Hold steady and trust

Christianity in our Western culture puts a lot of emphasis on OUR acceptance and belief, our choices and decisions, our growth and responsibility, our free will and how we use it, and on us being good enough on Judgment Day to go to heaven, not hell. So much is up to us.

It creates a problem, then, when not much is happening. Perhaps our church isn’t growing, or it doesn’t feel like we’re growing much personally either. And what if people aren’t impressed enough with our Christianity to ask us about what we believe? It may even feel like we’re going backwards rather than forwards as our congregation gets smaller and we’re not having any impact in the community. What if we don’t bring anybody to Christ? Oh dear, we’re not doing our part very well, are we?

But what of the Scripture that says the Holy Spirit works everything out for good for those who love God? Isn’t that saying the Spirit has everything under control very nicely, thank you very much, despite appearances to the contrary? Well, it sounds good, but isn’t there an “if” in there somewhere, that the Spirit works things out for good IF we love God? So, do we love God enough to warrant the Spirit’s help? Oh dear, another thing to worry about.

But Scripture says it’s the Spirit that gives us the love. It’s the Spirit in our hearts that calls out, “Abba, Father” (Galatians 4:6), and Paul said it was “Christ’s love” that compelled him (2 Corinthians 5:14). So it wasn’t his own love, or love that Paul had to come up with by himself. The love that drove Paul came from Christ, and there wasn’t anything Paul had to do to get the love flowing either. He simply found himself with it, and he couldn’t stop it coming either.

It didn’t mean that Paul was on an endless high of love and devotion, or that his focus was totally on God and off himself. It wasn’t. Life was extremely worrying at times, especially when people heard the gospel and wanted him dead, or a health problem threatened his effectiveness. He learned through those experiences, though, that even when it seemed like nothing was happening, or it looked like things were going backwards, Christ and the Spirit were still on the job.

He learned that God was up to something in everything, in negative times as well, so that rather than worrying, “Oh dear, not much is happening,” Paul said, “I press on.” He held steady and trusted, believing to the end that God was faithful and HE would make happen what needed to happen.

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What do Christians have that non-Christians don’t have?

Some non-Christians seem a lot more Christian than Christians. They’re nicer, kinder, happier, more giving, more sociable, more involved in the community, more even-tempered, more disciplined, and better adjusted. It’s a bit discouraging when you’re a Christian bumping into people like that, because if non-Christians can be such good people, why bother being Christian? Or, put another way, what difference does Christianity make if you can be very ‘Christian’ without it? 

Paul answers that in Romans 8:9. “You (Christians), however, are controlled not by the sinful nature but by the Spirit, if the Spirit of God lives in you.” The difference between Christians and non-Christians is who is in control of their lives. What a person does, therefore, isn’t as important as who’s doing it.

So, who is doing it? Is it one’s sinful nature or the Spirit, because it can only be one or the other. All people fall into two categories: those who are controlled by the sinful nature (the law of sin and death), and those who are controlled by the Spirit (the law of the Spirit of life). And it makes a huge difference as to which of those two is in control, because “Those who live according to the sinful nature have their minds set on what that nature desires; but those who live in accordance with the Spirit have their minds set on what the Spirit desires,” verse 5.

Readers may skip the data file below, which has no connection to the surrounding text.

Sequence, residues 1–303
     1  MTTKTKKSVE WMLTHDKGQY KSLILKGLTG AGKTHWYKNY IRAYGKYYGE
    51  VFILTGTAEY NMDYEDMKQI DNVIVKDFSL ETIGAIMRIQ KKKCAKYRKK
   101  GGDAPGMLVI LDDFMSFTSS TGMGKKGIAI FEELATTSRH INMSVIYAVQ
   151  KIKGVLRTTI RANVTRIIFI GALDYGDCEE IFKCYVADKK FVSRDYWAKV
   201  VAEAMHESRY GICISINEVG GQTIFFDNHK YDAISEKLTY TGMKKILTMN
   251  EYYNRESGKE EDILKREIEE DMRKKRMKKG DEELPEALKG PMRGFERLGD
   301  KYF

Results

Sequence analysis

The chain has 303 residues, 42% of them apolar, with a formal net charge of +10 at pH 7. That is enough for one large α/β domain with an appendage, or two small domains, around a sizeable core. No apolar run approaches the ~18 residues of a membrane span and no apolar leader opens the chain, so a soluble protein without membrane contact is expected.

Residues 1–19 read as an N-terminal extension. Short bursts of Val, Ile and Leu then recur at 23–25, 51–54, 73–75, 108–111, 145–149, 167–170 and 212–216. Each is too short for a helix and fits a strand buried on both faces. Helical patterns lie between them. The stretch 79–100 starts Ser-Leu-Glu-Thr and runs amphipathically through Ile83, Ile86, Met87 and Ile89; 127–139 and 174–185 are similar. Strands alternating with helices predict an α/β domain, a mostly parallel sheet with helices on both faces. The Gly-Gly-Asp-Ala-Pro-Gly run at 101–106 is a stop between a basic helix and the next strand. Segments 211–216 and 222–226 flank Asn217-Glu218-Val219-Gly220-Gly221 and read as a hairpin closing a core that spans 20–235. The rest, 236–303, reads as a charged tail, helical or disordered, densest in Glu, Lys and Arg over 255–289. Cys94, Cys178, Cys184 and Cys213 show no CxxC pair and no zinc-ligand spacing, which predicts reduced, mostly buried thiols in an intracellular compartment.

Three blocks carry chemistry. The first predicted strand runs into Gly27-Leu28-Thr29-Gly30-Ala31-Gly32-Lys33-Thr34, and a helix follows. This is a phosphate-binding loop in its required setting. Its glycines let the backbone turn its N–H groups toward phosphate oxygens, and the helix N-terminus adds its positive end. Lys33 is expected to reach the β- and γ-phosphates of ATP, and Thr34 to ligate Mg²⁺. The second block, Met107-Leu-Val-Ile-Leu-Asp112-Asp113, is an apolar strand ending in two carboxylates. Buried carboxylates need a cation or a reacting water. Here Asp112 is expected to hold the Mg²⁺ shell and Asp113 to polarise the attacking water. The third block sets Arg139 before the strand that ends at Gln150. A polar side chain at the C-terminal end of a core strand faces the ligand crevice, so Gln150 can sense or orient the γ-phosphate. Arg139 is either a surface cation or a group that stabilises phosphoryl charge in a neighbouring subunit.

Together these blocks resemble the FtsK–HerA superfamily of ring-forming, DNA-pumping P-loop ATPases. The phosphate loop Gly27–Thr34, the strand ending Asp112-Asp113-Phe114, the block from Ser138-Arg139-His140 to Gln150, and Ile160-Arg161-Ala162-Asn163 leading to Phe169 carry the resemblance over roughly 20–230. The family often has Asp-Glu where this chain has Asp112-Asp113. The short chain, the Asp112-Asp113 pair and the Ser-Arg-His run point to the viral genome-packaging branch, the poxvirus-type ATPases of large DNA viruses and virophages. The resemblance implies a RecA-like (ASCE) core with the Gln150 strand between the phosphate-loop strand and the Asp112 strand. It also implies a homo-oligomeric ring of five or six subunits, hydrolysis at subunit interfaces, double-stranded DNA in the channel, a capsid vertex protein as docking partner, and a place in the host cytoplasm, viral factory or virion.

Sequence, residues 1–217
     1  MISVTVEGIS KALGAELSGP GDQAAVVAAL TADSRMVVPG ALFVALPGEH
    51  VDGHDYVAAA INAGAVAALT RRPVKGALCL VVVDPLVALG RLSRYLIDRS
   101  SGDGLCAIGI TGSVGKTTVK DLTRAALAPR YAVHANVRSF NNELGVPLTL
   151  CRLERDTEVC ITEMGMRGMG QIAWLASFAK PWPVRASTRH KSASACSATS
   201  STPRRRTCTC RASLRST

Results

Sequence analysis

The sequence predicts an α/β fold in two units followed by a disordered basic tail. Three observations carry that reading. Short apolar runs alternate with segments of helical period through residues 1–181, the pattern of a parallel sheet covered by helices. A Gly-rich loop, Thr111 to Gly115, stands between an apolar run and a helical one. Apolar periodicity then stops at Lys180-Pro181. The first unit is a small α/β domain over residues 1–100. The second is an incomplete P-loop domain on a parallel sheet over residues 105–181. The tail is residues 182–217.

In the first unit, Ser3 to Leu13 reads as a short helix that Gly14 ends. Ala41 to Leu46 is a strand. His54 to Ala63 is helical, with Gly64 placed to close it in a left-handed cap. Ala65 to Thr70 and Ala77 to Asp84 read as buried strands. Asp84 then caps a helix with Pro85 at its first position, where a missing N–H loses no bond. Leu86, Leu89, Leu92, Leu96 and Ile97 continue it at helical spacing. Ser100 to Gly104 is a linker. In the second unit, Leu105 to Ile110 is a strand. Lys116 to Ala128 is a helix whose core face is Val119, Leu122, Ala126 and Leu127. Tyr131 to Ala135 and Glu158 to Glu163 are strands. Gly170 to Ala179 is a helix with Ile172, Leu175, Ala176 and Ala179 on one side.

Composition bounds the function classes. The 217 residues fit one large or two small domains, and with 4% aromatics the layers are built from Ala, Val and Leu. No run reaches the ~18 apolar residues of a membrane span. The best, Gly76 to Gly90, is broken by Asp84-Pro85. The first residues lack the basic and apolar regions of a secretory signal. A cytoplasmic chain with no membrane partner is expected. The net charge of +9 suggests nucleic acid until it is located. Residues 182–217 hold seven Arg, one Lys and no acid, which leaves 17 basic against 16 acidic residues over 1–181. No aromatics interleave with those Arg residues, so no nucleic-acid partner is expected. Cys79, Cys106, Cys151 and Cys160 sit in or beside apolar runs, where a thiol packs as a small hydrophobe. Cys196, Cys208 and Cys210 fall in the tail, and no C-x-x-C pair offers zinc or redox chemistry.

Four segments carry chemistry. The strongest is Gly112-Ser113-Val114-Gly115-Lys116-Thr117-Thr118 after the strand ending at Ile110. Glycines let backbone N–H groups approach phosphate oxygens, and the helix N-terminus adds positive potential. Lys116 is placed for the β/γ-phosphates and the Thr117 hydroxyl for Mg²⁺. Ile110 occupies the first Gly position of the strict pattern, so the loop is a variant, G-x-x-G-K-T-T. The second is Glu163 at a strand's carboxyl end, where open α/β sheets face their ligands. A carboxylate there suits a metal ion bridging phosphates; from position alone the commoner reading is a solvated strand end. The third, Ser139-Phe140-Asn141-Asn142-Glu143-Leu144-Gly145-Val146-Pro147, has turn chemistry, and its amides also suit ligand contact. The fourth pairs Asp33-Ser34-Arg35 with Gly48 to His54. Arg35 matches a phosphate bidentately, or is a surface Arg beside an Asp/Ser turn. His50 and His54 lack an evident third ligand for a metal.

So, what does “the sinful nature” desire? Well, it certainly doesn’t desire God, “because the sinful mind is hostile to God. It does not submit to God’s law, nor can it do so. Those controlled by the sinful nature cannot please God,” verses 7-8. That’s stating it bluntly, but clearly – that the sinful nature has no interest in God.

In contrast to that, what does “the Spirit” desire instead? Well, the Spirit isn’t hostile to God, for “you received the Spirit of sonship. And by him we cry ‘Abba, Father,'” verse 15. The Spirit also desires that “the righteous requirements of the law be fully met in us,” verse 4, so that we can submit to God’s law. And as far as pleasing God, the Spirit “puts to death the misdeeds of the body,” verse 13, which pleases God immensely because it frees us personally “from the law of sin and death,” verse 2. In three clear ways, then, the Spirit’s desires are the absolute opposite to the desires of the sinful nature.   

So that’s what Christians have that non-Christians don’t have: They have the Holy Spirit constantly tuning their minds and hearts to God’s nature, rather than being blown all over the place by the whims and desires of the sinful nature. 

Baptism with the Holy Spirit: What difference does it make?

“I baptize you with water,” John the Baptist said, “but he will baptize you with the Holy Spirit,” Mark 1:8. So what’s the difference between the two baptisms, and does it matter?

It certainly mattered to Paul when he discovered some disciples in Ephesus in Acts 19:1-2, because the big question on Paul’s mind was, “Did you receive the Holy Spirit when you believed?” No, they replied, they’d never “even heard that there is a Holy Spirit,” which made Paul wonder what baptism they’d received instead.

“John’s baptism,” they said, which to Paul was all well and good as a “baptism to repentance,” but far more important was belief in Jesus, verse 4. So they were all baptized again, this time “into the name of the Lord Jesus,” at which point “the Holy Spirit came on them,” verse 5.

But what difference did the Holy Spirit coming on them make? There’s a clue in verse 13. Some Jewish exorcists were using “the name of the Lord Jesus” to try and rid people of evil spirits. But it hadn’t worked (verse 15-16). To have power over evil, the name of Jesus wasn’t enough. More was needed. But what?